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Muslim group withdraws quit notice but Christian south must hold a referendum

West & Central Africa

Muslim group withdraws quit notice but Christian south must hold a referendum

Muslim youth associations in northern Nigeria who called themselves the Coalition of Northern Groups (CNG) have conditionally withdrawn their threat to forcefully evict all Igbo tribe, who are predominantly Christian, from the northern region by 1st October, this year.

The announcement came in a press conference held at the Transcorp Hilton Hotel, Abuja on Thursday 25 August.

The group, capitulating under pressure by local and international groups, as well as the lack of support from many regions in the country, like the Middle Belt and Western Regions of the country, forced the group to retreat and withdraw its threat.

In a speech to the press, Abdulazeez Sulaiman, the spokeman of the coalition of the 14 Muslim youth groups, justifying its threat to the Igbo tribe, said they had withdrawn their quit notice admitting they had come “under intense persuasive pressure from genuinely concerned national, political, traditional, religious and cultural leaders… As a consequence of these vigorous engagements and as cultured people with a tradition of respect for our national values, leaders and elders, we are today pleased to announce the immediate suspension of the relocation clause otherwise referred to as the quit notice from the Kaduna Declaration.”

The group also blamed: “The incessant threat, insult, open calls for violence and war on all other tribes and regions that has become the hallmark of IPOB’s Biafran agitation based on fake and exaggerated claims of marginalization… alienation of other countrymen (reference to Hausa Muslims) from gaining the same opportunity and access in trade and industry in South-Eastern communities while the Igbo remain at the forefront of enjoying these opportunities in all other communities in the country.”

Sulaiman said that the suspension was on conditions that, the Igbo tribe should “hold a referendum to decide their future

either as Nigerians or as Biafrans in view of the fact that the population of the Igbo that supports Biafra is far larger than
the few who appear to be against it. Failure to do that will only douse this tension temporarily while they regroup to prepare for the war, they have always craved and openly called for. We are opposed to war with any part of this country and we are opposed to any situation that will lead to war.”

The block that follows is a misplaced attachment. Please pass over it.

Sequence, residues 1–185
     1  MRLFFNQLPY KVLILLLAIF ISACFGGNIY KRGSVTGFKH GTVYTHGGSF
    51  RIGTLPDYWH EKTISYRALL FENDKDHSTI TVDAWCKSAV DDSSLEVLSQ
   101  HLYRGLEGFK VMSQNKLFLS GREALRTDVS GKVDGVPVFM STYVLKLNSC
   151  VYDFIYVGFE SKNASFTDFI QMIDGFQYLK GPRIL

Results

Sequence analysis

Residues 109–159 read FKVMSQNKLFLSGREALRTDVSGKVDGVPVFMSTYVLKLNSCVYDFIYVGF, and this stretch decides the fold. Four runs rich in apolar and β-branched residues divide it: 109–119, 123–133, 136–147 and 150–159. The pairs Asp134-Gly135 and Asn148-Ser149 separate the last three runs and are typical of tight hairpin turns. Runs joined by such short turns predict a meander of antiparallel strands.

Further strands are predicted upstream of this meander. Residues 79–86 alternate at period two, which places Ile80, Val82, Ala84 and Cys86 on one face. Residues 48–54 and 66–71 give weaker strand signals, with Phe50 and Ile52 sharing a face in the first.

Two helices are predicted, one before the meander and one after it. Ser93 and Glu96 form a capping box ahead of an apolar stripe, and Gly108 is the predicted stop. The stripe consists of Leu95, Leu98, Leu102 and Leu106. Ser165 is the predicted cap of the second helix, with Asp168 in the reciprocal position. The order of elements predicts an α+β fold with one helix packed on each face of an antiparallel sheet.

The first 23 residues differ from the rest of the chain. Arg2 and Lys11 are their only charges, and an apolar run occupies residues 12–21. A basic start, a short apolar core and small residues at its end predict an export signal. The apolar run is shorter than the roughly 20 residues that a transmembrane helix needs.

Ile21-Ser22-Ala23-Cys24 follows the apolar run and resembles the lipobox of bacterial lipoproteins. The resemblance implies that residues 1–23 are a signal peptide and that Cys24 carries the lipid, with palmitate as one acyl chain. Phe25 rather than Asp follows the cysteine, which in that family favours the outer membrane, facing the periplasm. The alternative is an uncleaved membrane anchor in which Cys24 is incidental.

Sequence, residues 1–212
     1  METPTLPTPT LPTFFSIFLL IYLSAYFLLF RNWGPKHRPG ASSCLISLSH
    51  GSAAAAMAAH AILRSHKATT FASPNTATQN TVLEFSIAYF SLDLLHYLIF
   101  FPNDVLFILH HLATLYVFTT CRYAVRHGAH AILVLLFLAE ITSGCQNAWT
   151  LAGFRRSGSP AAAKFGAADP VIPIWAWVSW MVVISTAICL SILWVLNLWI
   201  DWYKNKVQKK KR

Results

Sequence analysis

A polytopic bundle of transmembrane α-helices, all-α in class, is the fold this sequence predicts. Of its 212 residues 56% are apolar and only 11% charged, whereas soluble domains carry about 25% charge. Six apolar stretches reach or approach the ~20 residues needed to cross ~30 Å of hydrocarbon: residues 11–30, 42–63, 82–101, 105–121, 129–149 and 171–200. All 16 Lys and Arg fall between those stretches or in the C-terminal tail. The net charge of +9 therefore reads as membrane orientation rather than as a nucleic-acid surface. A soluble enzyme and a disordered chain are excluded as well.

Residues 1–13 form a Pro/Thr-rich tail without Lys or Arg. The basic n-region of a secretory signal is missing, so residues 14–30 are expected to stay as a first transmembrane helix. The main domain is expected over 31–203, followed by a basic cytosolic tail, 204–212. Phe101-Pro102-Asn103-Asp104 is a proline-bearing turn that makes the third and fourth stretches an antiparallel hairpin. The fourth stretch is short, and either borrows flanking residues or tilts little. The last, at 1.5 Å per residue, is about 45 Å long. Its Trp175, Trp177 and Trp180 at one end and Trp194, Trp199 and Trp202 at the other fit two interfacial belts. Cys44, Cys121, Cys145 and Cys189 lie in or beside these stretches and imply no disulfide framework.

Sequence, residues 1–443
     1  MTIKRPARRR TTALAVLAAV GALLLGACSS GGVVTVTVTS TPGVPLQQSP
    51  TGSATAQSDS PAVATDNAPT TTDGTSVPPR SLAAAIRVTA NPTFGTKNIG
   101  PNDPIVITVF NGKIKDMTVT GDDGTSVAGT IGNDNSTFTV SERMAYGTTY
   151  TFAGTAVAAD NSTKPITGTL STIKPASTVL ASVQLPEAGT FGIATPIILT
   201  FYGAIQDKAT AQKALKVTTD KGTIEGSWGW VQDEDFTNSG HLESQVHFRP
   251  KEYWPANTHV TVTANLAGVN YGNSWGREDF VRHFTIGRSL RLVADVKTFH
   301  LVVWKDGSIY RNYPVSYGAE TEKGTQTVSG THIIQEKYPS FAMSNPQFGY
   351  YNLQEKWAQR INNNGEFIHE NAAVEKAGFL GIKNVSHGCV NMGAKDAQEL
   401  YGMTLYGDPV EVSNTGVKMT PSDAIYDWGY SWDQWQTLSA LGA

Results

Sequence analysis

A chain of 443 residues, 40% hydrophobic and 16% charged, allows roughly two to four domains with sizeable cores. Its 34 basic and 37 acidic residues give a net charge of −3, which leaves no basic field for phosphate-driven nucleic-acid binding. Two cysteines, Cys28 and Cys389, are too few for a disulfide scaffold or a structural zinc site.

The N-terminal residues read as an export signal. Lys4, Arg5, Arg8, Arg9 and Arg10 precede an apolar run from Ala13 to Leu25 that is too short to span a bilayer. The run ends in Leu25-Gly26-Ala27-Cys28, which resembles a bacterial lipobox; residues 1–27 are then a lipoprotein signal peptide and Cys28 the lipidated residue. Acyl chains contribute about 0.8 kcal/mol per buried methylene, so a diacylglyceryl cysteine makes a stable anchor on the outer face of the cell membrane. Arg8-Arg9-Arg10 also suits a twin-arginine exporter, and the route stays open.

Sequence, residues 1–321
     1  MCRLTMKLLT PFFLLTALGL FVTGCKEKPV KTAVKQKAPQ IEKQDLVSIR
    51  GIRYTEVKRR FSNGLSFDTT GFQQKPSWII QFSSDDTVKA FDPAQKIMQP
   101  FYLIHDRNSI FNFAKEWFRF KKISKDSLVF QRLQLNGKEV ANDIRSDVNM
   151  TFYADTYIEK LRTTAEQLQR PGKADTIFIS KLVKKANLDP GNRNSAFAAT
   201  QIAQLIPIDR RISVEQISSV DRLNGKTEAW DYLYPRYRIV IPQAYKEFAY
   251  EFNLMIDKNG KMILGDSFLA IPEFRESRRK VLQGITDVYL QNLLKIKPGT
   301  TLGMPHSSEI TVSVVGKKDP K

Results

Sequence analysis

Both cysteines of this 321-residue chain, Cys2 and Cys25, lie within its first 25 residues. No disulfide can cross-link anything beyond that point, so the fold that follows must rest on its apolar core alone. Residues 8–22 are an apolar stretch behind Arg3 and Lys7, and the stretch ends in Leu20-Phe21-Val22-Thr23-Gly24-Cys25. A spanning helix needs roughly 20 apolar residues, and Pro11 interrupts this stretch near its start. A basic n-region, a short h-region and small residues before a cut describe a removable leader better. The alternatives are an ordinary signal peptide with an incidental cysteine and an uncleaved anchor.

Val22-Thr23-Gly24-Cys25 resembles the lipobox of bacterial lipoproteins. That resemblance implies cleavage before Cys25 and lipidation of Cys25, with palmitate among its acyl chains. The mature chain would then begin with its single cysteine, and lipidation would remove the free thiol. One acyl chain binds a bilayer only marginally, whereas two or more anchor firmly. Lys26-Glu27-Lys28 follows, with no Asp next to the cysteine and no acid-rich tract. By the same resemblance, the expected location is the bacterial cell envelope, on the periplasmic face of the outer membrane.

Reacting to the retraction of the quit notice, the Indigenous People of Biafra (IPOB) rejected the withdrawal of the quit notice.

Comrade Emma Powerful, Media and Publicity Secretary of IPOB, said, “It is inconsequential to IPOB whether the quit notice was rescinded or not because it will in no way impact the pace and direction of our effort to restore Biafra.” He said. “Threats don’t have any effect on us, so our advice to the Arewa North is to please stick to the October 1 deadline or else they have no honour.” The group warned Igbos living in the north not to be deceived by this withdrawal of the notice and assume they or their property will be safe.

“We urge all southerners in the core North to return home before October 1 as history will most definitely repeat itself.” Emma said. Recounting history, the spokesman said, “Southerners were massacred in the pogroms of 1966 and 1967 after similar assurances were issued then that people should remain in the North.”

The Biafra group pointed out that the ‘quit notice’, which was an incitement to genocide, was endorsed by Northern political leaders. “The presence of a serving governor and senator of the Federal Republic of Nigeria during the supposed press briefing confirms what we have always known that the incitement to genocide, which is what the ‘quit notice’ is all about, has the blessing of the Arewa political class,” Emma Powerful said.


Hassan John is West Africa Editor, Global Christian News and Priest of the Anglican Diocese of Jos

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